Culture Shock

Why culture shock is good for you   - an interesting Infographic outlining the benefits of going through a culture shock experience - created by Work the World.com 

Cultural Shock / Homesickness - “Different from what I expected”

In advance of the secondary school programme participants often have many pre-conceived ideas about what their experience, new culture and host family will be like. In some cases people are on the right track, but in most cases people find that things can be “different from what I expected”. It is important to realise what is happening to them and that it isn’t uncommon for people in new surroundings to have some of these feelings. More important is to do something to help relieve these feelings.

It is not a case of the reality not living up to the expectation, more simply that the experience is different to what they anticipated.
All participants anxious to engage in new culture will experience some kind of culture shock, no matter how short their programme. One of the main ways that culture shock expresses itself is through homesickness. This may start at the airport, or whilst on the flight, or during your first few days / weeks. Sometimes it can strike several months after leaving home. Whenever the feelings of homesickness strike, it is important for them to remember that they are not alone.

Culture shock occurs when they impose their values and expectations onto the new culture, and consequently have difficulty adjusting.

Culture shock can manifest itself in many ways: 

          • Homesickness
          • Frustration
          • Stereotyping
          • Illness
          • Re – emergence of emotional issues concern for safety
          • Negative statements & thoughts irritability
          • Changes in Eating / Sleeping habits social withdrawal
          • Crying
          • Boredom

They will not wake up some morning and say, “I feel homesick today”. They will wake up and feel tired, unmotivated, perhaps thinking about home a lot and frustrated at you’re their new surroundings. Some people have the classic symptoms of homesickness like crying or difficulty sleeping. Others may have more subtle changes in their behaviour, which over time can make them difficult to be around. There will be people and events at home that will trigger homesickness, missing birthdays etc. Everyone suffers from homesickness, no matter their age or previous travel experience.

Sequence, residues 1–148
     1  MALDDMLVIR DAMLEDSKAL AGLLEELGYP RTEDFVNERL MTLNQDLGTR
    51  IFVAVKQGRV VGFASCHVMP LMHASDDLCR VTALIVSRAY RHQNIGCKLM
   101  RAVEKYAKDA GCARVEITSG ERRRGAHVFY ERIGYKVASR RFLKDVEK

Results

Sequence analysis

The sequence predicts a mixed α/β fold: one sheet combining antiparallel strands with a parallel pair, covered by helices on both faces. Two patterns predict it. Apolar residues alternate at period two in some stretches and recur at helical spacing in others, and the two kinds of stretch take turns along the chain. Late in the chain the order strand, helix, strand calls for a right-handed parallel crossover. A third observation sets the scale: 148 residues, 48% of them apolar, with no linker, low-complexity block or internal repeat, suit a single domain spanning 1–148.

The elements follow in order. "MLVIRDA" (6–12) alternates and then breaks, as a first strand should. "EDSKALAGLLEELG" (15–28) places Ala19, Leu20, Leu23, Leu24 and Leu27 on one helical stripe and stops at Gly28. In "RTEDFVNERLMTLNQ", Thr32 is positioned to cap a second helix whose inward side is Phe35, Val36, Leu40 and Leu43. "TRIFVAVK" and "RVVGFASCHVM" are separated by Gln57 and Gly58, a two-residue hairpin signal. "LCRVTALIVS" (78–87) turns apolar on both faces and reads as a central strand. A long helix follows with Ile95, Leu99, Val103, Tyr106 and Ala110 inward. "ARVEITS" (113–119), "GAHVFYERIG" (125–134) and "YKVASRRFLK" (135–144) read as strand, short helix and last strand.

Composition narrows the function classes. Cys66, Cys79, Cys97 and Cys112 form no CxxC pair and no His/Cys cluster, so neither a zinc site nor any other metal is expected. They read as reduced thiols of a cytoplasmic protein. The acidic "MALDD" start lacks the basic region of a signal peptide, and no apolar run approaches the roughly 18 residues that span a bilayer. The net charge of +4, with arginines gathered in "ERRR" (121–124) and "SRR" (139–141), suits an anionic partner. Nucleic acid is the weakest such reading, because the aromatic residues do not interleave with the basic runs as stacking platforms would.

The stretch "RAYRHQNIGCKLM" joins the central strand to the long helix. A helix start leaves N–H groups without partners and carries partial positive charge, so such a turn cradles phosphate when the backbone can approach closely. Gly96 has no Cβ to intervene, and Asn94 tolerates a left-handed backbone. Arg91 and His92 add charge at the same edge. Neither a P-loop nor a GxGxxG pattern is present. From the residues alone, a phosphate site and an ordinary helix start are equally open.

Simple strategies for dealing with culture shock 
          • Be prepared : they are likely to encounter culture shock and most likely feel homesick;
          • Avoid telephoning home – they will feel wretched afterwards
          • Keep busy and try to get involved in the community
          • Be flexible and open to new ways of doing things
          • Allow them time to settle in – get them to talk about how they are feeling
          • Do not allow them to spend too much time by themselves
          • Do not judge them too quickly
          • Take things step by step

Some other symptoms of culture shock: 

          • Becoming more shy and quiet
          • Becoming more rowdy or doing things that they normally wouldn’t do
          • Withdrawing and feeling sad
          • Feeling frustrated often, even in situations which are not new
          • Becoming very critical of their host country; everything seems better at home
          • Clinging to a host family member or friend instead of reaching out to others
          • Feeling tired or ill all the time; stomach aches or headaches are common.

Over time, things will get better, and the host family is usually the key to success in getting over these hurdles. Sometimes age is not a factor. 14 year olds are as easily effected by culture shock and homesick as an 18 year old. It just takes time, support and understanding to help get them through the difficult days. If you are very concerned, always let your coordinator know.